Despite these circumstances, the FCA remains very active and engaged in tackling the scourge of investment fraud in this country.
Updating our approach
Let me turn to 2 important developments. First, we have changed our approach to meet these new challenges.
For many years, we tackled investment scams by looking to see if we could quickly identify and freeze scammed funds, using either Proceeds of Crime legislation or freezing injunctions. The assumption, based on experience, was that once a warning is issued, evidence and money disappears immediately which might protect new victims, but only at the expense of existing victims because a warning would prejudice potential restitution and successful prosecutions.
Traditionally, as well, scams were driven by boiler rooms which used cold calling rather than the internet. A recent example is Operation Tidworth which led to 6 defendants being jailed for a total of 28 years as well as asset confiscation orders. A distinguishing feature of these types of cases is that the fraud was often detected after it had occurred, sometimes before losses had begun to crystallise or at the point where those losses were first apparent, which was often long after the misrepresentations had been made.
The distinguishing feature of online scams, however, is quite different to the old paradigm. In the case of an online scam, the marketing pitch to the victim is public, searchable and available to everyone. This presents a unique opportunity because it means for the first time, we can detect scams at the same time as the scammers are luring their victims. Our worry about a precipitate warning causing evidence and money to go missing is less of a concern if we can develop a dragnet to capture suspicious ads on the same day or within 24 hours after they first appear.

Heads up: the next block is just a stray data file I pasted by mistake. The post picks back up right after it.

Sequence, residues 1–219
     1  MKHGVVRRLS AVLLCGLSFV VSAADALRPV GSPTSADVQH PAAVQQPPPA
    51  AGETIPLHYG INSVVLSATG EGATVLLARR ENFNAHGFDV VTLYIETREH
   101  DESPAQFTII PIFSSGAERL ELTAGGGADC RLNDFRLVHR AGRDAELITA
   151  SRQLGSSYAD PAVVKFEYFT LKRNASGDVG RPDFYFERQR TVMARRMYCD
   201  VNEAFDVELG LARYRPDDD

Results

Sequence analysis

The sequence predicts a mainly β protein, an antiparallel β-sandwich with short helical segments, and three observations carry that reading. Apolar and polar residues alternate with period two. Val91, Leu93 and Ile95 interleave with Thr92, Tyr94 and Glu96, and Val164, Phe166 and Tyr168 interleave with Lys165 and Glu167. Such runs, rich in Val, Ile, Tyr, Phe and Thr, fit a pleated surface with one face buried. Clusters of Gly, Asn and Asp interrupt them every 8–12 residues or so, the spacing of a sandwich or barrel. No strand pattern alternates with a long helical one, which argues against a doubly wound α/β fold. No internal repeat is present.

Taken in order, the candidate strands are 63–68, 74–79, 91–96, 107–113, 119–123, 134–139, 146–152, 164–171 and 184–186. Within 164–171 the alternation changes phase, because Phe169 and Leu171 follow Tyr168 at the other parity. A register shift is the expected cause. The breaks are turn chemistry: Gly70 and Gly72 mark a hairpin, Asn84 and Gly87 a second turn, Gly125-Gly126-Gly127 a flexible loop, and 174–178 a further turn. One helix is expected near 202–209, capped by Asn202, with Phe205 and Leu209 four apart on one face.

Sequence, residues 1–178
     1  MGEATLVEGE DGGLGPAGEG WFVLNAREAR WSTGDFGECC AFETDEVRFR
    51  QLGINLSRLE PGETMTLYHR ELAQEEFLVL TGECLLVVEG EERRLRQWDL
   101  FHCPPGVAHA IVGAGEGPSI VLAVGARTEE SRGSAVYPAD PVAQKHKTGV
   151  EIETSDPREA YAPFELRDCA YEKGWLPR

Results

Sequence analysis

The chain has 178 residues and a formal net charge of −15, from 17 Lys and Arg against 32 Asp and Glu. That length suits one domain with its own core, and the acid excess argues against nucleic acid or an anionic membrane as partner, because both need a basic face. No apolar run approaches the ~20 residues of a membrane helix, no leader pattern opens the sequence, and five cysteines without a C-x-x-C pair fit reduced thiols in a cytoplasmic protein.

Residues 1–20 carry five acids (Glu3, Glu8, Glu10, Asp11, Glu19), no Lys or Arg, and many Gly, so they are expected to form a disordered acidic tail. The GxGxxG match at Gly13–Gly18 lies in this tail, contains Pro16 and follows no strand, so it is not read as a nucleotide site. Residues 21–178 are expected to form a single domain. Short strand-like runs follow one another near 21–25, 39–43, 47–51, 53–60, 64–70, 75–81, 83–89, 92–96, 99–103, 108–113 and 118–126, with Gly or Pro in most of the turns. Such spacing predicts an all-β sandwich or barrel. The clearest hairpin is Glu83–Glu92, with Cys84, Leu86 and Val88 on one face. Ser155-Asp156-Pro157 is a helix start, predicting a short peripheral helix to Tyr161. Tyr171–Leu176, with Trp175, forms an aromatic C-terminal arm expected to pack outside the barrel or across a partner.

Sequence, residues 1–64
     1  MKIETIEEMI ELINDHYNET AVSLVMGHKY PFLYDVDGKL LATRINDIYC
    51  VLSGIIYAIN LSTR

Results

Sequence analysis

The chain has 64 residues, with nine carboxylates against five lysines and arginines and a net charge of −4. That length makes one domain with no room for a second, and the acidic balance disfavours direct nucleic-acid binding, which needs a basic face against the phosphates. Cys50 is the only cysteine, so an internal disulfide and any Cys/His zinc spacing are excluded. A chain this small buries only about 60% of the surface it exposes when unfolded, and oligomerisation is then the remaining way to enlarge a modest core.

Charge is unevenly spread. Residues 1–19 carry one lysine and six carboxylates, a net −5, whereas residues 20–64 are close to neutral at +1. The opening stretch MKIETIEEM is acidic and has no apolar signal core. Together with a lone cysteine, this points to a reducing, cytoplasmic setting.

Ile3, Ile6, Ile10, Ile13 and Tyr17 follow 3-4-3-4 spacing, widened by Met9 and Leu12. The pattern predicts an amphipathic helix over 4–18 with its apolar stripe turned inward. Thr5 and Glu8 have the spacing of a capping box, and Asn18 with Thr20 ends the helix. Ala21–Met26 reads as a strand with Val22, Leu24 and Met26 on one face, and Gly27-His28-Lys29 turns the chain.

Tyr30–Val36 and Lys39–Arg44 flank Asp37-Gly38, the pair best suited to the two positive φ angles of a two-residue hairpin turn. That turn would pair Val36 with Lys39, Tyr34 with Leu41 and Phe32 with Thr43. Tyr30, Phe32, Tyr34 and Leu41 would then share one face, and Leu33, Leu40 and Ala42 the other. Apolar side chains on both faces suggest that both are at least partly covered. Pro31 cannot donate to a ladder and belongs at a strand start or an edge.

And so, alongside our ongoing reactive work, we have ratcheted up our proactive monitoring of the internet with a dragnet approach with the express aim to capture suspicious advertising on the same day or 24 hours after it first appears. We have also accelerated our assessment and processing of the daily haul and we have moved from responses within days to being able to issue warnings on the same day, 24 hours after, which is now happening in most cases.